That’s what I’ve been doing in my spare time, instead of blogging. By the way, a special edition of that prequel will be available free at the DQW Bookstore around Thanksgiving, if I’m not sidetracked by too many distractions. This week, several have given me a wink and a nod, trying to coax me back into blogging mode.
But it was the teenager distributing religious tracts in front of the Wrigley Building and moments later, the guy screaming Divine threats through a bullhorn as the crowds walked by Water Tower Place that really prompted me to momentarily push the prequel aside.
I had the distinct pleasure of encountering the young girl and a few of her family members today on my way to a luncheon and again on my way back. From several hundred feet away, I could read the big bold white letters on their t-shirts: “JESUS HATES SIN.” I groaned in disbelief, but managed to maintain my composure as I neared them.
Apparently, I appeared to be an approachable soul (or at least a salvageable one). The girl extended a tract in my direction. Instead of reaching for it, I leaned over and said quietly, “Jesus doesn’t hate anything, Sweetheart.” I smiled and walked on.
“Judge not, judge not”, I kept repeating to myself, harkening Jesus’ loving wisdom. I’m not sure it worked. I was quite offended that someone would construct a sentence with “Jesus” as the subject and “hates” as the predicate. Fewer things are more oxymoronic. Oops, I forgot—judge not.
Pardon me, I’m still evolving. And, I have to remind myself, so are those who believe that Jesus hates anything. So, on my way back, when the young lady stepped toward me, I tried to say something more empowering: “Seventy times seven, dear. Remember ‘seventy times seven.’”
I figured that she could use a reminder, too—or at minimum, she could do the math. Surely someone who says to forgive a sin 490 times can’t really “hate” sin—unless of course, he’s a hypocrite.
And that brings me to the angry man down the street, who didn’t need a bullhorn to be heard above the noisy Michigan Avenue traffic. He had an important message that he was bellowing to pedestrians within earshot: God is going to torture us with endless doses of excruciating pain if we don’t clean up our acts.
Would that be the God of “God is Love”/“Prince of Peace” fame? I wondered.
A steady flow of passersby kept it moving, pretending to ignore the rant. However, one young man objected to being assaulted by someone’s religious views as he was going about his day.
And that’s when it happened, much to the chagrin of those of us who believe that God is good all the time. The man went into a rage. “God’s going to throw you right in hell! You’re going straight to hell (and more venomous blah, blah, blah)!”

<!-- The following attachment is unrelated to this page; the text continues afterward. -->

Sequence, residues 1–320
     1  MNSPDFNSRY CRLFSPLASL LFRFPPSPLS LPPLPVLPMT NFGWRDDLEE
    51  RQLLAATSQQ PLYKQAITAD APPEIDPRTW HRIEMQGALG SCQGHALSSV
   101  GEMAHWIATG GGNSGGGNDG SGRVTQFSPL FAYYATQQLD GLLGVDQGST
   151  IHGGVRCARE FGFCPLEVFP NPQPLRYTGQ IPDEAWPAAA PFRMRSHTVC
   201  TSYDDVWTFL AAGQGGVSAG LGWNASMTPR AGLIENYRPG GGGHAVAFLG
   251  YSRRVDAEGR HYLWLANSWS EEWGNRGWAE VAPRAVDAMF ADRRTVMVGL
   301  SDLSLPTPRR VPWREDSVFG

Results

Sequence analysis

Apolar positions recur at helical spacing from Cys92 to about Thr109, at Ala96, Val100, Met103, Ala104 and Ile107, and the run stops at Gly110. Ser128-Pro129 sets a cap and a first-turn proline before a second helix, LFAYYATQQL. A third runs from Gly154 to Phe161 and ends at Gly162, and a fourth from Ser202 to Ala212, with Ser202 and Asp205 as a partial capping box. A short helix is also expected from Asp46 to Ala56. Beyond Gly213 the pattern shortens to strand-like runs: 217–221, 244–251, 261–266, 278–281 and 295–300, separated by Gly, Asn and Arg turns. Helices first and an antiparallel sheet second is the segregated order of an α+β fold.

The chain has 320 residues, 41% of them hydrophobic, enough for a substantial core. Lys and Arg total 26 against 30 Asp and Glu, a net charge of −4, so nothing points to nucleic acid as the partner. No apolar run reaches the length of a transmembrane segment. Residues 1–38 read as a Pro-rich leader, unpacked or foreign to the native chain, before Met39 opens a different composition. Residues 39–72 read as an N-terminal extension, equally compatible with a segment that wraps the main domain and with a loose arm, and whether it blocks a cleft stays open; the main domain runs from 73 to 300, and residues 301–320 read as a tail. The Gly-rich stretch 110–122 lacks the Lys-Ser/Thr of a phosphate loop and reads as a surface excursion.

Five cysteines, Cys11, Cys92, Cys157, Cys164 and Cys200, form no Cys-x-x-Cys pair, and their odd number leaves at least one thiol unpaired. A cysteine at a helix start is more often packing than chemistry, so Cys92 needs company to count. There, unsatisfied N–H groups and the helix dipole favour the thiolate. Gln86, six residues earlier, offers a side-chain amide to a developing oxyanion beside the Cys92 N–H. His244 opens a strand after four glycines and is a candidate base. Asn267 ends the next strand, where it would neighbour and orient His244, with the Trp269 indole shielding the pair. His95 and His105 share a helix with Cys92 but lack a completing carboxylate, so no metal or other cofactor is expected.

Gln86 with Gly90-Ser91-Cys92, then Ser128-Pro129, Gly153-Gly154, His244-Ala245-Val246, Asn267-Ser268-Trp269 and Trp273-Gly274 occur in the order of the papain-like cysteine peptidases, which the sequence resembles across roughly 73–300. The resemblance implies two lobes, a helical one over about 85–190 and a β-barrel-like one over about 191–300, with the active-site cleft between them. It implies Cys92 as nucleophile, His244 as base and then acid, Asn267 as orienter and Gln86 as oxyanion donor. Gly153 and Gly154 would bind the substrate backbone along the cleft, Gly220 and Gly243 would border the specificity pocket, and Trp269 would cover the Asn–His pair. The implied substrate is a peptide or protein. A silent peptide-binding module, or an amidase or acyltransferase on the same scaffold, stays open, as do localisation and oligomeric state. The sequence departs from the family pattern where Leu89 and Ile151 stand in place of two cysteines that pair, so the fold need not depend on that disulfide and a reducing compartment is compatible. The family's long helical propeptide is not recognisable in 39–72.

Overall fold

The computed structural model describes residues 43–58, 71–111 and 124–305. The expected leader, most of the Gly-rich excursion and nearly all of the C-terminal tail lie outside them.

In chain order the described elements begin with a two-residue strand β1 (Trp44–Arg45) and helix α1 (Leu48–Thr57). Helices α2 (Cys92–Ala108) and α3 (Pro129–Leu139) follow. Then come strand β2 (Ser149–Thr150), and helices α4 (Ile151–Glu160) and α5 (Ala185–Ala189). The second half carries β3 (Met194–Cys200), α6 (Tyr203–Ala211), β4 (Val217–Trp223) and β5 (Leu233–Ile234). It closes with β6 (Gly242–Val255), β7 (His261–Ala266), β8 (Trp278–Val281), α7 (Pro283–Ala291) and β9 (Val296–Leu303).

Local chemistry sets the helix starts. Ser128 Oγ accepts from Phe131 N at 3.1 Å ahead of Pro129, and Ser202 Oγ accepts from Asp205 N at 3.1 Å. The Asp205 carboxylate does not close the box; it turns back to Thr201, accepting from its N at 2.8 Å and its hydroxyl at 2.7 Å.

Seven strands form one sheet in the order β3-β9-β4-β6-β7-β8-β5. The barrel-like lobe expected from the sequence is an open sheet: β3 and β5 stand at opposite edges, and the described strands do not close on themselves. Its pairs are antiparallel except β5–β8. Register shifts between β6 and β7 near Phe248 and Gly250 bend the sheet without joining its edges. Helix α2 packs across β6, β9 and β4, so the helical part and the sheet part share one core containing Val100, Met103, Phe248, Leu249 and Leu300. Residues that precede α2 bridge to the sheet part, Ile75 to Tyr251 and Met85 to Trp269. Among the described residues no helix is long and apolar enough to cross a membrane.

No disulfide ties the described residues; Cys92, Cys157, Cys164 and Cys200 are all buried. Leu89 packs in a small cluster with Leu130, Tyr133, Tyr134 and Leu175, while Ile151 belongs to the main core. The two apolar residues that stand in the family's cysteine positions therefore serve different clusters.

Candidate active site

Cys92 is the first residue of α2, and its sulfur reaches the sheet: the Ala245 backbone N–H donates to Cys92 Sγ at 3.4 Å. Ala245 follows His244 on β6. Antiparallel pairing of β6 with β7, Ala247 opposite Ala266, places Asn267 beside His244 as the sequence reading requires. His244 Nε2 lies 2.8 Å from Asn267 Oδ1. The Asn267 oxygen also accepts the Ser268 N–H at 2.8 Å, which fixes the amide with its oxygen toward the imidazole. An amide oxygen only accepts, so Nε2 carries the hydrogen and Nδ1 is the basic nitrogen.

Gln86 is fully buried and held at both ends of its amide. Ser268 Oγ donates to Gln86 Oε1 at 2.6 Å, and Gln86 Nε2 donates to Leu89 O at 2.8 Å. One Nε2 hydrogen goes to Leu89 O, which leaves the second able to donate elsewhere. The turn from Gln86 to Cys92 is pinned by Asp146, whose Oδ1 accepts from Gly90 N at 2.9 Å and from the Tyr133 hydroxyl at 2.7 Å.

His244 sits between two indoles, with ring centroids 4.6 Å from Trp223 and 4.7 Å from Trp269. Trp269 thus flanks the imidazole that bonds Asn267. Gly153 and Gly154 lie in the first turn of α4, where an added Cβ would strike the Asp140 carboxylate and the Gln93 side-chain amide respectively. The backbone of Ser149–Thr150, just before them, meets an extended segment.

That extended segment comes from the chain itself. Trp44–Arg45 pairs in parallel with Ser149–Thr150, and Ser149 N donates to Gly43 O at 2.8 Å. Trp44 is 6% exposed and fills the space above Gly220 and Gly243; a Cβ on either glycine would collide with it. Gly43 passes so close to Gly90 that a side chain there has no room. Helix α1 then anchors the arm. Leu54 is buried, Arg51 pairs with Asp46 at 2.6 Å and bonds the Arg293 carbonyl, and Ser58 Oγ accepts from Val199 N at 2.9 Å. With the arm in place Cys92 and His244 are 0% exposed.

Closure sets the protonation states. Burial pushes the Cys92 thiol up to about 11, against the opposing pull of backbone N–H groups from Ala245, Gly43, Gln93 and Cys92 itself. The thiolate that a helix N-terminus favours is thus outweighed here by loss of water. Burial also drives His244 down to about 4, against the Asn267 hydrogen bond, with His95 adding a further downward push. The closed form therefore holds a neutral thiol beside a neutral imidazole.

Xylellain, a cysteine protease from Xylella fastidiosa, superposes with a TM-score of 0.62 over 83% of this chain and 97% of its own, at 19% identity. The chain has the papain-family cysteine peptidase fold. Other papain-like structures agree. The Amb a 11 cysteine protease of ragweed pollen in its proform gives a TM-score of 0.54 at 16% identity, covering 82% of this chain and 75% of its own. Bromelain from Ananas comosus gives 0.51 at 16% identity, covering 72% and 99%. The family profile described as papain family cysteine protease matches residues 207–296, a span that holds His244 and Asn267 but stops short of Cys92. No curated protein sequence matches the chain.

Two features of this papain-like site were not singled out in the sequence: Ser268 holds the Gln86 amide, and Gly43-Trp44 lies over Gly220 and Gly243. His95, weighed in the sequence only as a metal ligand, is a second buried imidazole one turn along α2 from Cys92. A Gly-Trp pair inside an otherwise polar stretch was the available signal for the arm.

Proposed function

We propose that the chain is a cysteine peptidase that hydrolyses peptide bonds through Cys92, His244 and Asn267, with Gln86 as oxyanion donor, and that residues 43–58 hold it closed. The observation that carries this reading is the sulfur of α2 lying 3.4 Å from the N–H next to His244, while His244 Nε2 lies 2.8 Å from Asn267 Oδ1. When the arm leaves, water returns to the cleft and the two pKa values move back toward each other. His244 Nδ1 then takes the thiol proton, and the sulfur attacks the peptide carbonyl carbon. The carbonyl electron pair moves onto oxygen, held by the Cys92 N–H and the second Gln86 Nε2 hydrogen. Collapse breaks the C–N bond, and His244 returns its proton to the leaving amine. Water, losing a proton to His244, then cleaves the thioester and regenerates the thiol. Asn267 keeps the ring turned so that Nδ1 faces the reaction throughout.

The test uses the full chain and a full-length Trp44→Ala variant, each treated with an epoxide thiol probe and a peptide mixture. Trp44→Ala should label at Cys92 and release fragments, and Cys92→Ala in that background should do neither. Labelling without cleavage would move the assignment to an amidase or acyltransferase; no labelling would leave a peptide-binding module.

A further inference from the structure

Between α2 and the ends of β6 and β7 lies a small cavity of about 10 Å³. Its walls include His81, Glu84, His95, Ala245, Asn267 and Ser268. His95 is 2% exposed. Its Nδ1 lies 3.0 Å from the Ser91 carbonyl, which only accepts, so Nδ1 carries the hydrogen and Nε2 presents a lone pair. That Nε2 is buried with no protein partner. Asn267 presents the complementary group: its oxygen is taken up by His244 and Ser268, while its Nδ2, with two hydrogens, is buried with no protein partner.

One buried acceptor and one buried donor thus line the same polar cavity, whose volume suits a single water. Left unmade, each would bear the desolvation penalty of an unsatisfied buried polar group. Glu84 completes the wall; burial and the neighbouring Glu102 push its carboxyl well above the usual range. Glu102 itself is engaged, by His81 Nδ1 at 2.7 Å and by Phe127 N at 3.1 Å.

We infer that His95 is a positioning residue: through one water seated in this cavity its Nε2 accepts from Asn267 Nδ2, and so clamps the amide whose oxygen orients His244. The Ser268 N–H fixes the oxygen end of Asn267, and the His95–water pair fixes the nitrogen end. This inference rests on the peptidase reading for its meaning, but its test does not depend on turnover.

I shook my head and smiled at the couple standing nearby. “Now, isn’t that Christ-like?”
Have mercy! The mouth behind the bullhorn then started screaming at me. I mean he ripped me a new one. The Christ was undoubtedly missing from this card-carrying Christian.
Call me crazy, but I think it’s folks like him who are directly responsible for the skyrocketing membership in the Church Alumni Association, as Bishop John Shelby Spong lovingly dubbed it. Fewer folks are willing to accept portrayals of God as Boogie Man or terrorist, no matter where it’s written.
That leads to the third thing that caught my eye this week: a lawsuit filed by a Nebraska state law maker. The defendant in State Sen. Ernie Chambers’ lawsuit is none other than…God.
If I may invoke legal parlance, “based on information and belief”, Chambers’ suit accused God of inspiring fear and causing “fearsome floods … horrendous hurricanes, terrifying tornadoes…widespread death, destruction and terrorization of millions upon millions of the Earth’s inhabitants.” To make matters worse, the lawsuit claims, God has threatened Chambers and his constituents with bodily harm. In response, Chambers is seeking a permanent injunction against the Almighty.
The senator acknowledges that his lawsuit is frivolous by design. He’s trying to make the point that anybody in Douglas County, Nebraska can file a lawsuit for any ridiculous reason. And he wants the practice to stop.
But Chambers—who is known to jab unChrist-like Christians now and again—appears to be making another point, too: The acts that God has been accused of intentionally committing against mankind are indisputably terroristic and inhumane. In some cases, they are petty, vengeful, unforgiving—and even hateful. Notably, God is said to have claimed responsibility, actually confessed, to acts that qualify for criminal prosecution.
Would Love do any of it? Could it be that the heinous accusations against God are as frivolous as Chambers’ lawsuit?
Are some of us boldly promoting God’s accusers rather than God’s goodness?